There is a wealth of evidence that consumers are using online and mobile channels as the primary channels for their everyday banking needs:
Having reached critical mass in online banking penetration, the largest U.S. banks continue to report strong growth in active mobile banking customers (Chase +23% y/y to 17.2 million; Bank of America up 17% to 15.5 million; and Wells Fargo +22% to 13.1 million)
Regional bank customers are also growing their usage of non-branch channels. 45% of PNC customers use non-branch channels for a majority of banking transactions. Fifth Third reports that ATM and mobile channels’ share of deposit volume rose from 12% to 31% over the past two years. KeyBank claims that online and mobile transactions are growing by 9% annually, while branch transactions are declining by 3%.
The rise of self-service channels for everyday banking transactions is leading banks to re-assess their investment in their branch networks. For example, banks are changing traditional assumptions as to what constitutes optimal branch density within markets. In a recent presentation, KeyBank claimed that branch density is now less relevant as long as a bank can pair branches with a good mobile offering. In addition, in a low-revenue-growth environment, banks are under pressure to cut costs in order to meet earnings expectations. As a result of these factors, banks are cutting branch numbers.
Bank of America is expected to cut branches to below 5,000 by the end of 2014, compared to more than 5,700 in the second quarter of 2011. It recently announced the sale of branch clusters in North Carolina and Michigan.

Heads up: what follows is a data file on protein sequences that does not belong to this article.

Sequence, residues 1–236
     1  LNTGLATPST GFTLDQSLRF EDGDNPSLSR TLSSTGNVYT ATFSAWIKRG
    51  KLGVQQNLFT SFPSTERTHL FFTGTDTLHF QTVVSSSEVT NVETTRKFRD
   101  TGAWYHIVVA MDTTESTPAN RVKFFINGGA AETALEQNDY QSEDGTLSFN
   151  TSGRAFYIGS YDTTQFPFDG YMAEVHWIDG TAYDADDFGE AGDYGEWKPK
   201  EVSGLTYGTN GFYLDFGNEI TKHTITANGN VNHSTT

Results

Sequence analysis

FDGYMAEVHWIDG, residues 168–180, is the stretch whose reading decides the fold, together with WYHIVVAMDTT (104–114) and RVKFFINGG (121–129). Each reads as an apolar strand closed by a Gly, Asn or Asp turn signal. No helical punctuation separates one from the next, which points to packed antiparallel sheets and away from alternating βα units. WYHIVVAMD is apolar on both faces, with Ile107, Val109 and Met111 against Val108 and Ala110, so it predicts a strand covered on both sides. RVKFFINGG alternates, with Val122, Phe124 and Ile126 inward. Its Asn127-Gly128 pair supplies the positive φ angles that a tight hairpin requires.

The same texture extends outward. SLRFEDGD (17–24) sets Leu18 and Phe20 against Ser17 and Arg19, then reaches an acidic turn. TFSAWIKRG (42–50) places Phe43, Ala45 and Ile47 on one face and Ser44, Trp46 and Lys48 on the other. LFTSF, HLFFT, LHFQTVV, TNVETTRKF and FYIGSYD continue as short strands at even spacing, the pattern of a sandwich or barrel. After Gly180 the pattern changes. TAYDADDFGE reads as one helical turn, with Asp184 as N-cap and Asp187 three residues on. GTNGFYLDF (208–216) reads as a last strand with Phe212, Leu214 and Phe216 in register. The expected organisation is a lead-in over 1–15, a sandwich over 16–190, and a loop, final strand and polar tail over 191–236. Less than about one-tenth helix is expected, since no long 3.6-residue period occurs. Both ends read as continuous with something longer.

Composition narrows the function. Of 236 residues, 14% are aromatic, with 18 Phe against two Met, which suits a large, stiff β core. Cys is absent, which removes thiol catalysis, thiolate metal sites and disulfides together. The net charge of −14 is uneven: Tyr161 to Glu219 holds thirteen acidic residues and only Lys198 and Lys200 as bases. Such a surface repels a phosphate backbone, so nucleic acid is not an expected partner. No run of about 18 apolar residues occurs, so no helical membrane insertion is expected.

Over the past six months Citibank sold all of its branches in Texas, as it focuses its energies on a select number of large metro markets.
KeyBank has closed or sold 8% of its branches over the past two years, and plans to cut its network further, by about 2-3% per year.
However, banks remain strongly committed to their branch networks. This is largely due to the fact that consumers continue to value the branch channel, even if usage has declined. A recent ABA survey found that 21% of consumers named the branch as their preferred banking channel, up from 18% in 2013. In addition, banks recognize the benefits in encouraging customers to use multiple channels. Wells Fargo found that customers using its stores as well as online and mobile channels have a 70% higher purchase rate than customers who only use online and mobile. With in this mind, the following are five branch strategies that banks should follow, with examples of banks that have already implemented these approaches:
Deploy new branch formats. Given lower traffic and transaction volumes in branches, banks should launch branch prototypes with smaller footprints, so that they can maintain their physical presence, but at a lower cost.
PNC has converted 200 of its branches to a smaller format, with 100 more to follow by the end of 2014.
Launch flagship branches in selected markets. With changing ideas around branch density, bank can consolidate multiple branches into a large flagship store. These flagship stores act as a brand beacon for the bank in specific markets, as well as providing space for the bank to showcase new innovations
Reconfigure branch staff. As branch activity is switching from transaction processing to sales and advice, and branches switch to smaller format, bank can reduce the average number of staff per branch, but should also change the functional balance, with fewer tellers and more sales specialists.